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I feel like I have a good grasp of hybrid icing in the NHL, but every couple of games I notice what looks to be a missed icing call.

  • The defensive team gains possession of the puck in their own zone.
  • Both teams immediately begin changing some players (benches are on each team's defensive side of the rink), as one defensive player slowly carries the puck into the neutral zone.
  • Two opposing defensemen -- slowly retreating, anticipating a trip to the bench -- have left a small lane for the player to carry the puck just past the center line, but the defensive player does not take it.
  • While between his team's blue line and the center line, the defensive player clears the puck past the opposing defensemen to the opposing goal line, but not directly at the goal. The puck leaves his stick at least 3 feet before the center line.
  • The opposing team will clearly be the next to touch the puck.
  • All skaters are now changing or have just come onto the ice. Fresh opposing defensemen skate back to their goal to retrieve the puck.
  • The opposing goalie may or may not come out to play the puck, but it was apparent before this fact that icing would not be called.

Since the puck crosses the center line and goal line, and no players touch the puck before it crosses the goal line, I always expect an icing call. The body language of the players on the ice indicates that they know it won't be called for icing, so the goalie's choice to come out and play it does not seem to be a factor.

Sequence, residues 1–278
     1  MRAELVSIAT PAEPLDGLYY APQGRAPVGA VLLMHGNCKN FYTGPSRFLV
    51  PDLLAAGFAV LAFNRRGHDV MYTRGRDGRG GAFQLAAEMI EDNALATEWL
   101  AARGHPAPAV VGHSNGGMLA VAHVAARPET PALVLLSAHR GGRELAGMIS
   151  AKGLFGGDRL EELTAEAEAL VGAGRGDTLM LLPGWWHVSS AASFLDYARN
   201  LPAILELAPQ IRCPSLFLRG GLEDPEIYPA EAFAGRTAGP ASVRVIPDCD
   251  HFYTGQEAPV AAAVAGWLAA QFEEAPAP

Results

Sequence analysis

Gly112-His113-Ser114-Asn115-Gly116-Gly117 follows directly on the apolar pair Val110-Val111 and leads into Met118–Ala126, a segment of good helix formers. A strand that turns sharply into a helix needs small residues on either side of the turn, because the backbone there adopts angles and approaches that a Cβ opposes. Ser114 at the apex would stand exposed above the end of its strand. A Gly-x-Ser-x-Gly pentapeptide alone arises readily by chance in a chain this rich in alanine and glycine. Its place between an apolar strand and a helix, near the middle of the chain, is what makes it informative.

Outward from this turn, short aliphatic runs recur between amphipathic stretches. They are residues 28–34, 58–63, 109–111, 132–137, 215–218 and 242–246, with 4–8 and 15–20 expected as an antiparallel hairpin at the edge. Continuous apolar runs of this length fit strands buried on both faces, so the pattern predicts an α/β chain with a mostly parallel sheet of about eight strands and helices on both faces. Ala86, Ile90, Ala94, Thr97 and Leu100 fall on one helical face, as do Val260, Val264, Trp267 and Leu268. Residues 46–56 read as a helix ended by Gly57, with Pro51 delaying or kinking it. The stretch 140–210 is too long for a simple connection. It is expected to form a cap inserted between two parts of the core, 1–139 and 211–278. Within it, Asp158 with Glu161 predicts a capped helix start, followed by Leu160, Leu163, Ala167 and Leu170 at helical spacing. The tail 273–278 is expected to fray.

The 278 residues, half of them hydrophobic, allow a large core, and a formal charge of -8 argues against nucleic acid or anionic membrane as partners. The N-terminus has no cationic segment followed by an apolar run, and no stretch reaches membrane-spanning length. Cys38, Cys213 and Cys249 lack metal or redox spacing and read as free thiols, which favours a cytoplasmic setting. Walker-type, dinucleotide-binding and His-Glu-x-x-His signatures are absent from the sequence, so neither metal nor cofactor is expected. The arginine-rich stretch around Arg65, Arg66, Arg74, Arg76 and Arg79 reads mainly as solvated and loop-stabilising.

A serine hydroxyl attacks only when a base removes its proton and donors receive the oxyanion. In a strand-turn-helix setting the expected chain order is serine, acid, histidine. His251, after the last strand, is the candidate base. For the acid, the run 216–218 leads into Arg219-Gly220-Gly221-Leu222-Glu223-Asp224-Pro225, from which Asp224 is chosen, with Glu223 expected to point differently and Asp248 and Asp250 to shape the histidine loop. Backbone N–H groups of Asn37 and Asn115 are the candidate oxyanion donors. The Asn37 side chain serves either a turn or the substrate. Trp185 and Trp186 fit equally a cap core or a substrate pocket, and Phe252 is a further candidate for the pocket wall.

Is icing called off when both teams are substituting, even if the cleared puck meets all criteria of an icing?

Otherwise, are the officials missing an occasional icing call, or do they allow the puck to be released less than some distance (like 5 feet) behind the center line when possession is clearly being exchanged for a full change? The defensive player is trending toward his bench as he clears it, so he knows it won't be called. I'm wondering if this has something to do with bench location, as I only see this play when the bench is on the defense's side.

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To be clear: player substitution does not affect any determination of icing. Neither does the location of the bench.

In the situations you are describing, it is most likely that the official does not have a clear enough view of the location of the release of the puck to make a sound determination of icing, so he lets play continue.

Keep in mind, what you see is going to be very different from what the official sees. From a broadcast camera angle, or line of sight from the stands, it might look like the puck is leaving the offensive defenseman's stick 3 feet from the center line. To an official, who's likely in motion, avoiding collisions with players, and looking from a much lower angle, things might not be so obvious.

While the rule specifies that "gaining the line" is achieved by the puck, not the player's skate, I have observed that officials generally give the benefit of non-icing if it appears that the player is making effort to gain the line with body position as much as with the puck itself.

See NHL Rule 81 or USA Hockey Rule 624.

Conversely, a determination of icing DOES affect player substitution: if icing is called, the violating team is not allowed to make any player substitutions prior to the ensuing faceoff.

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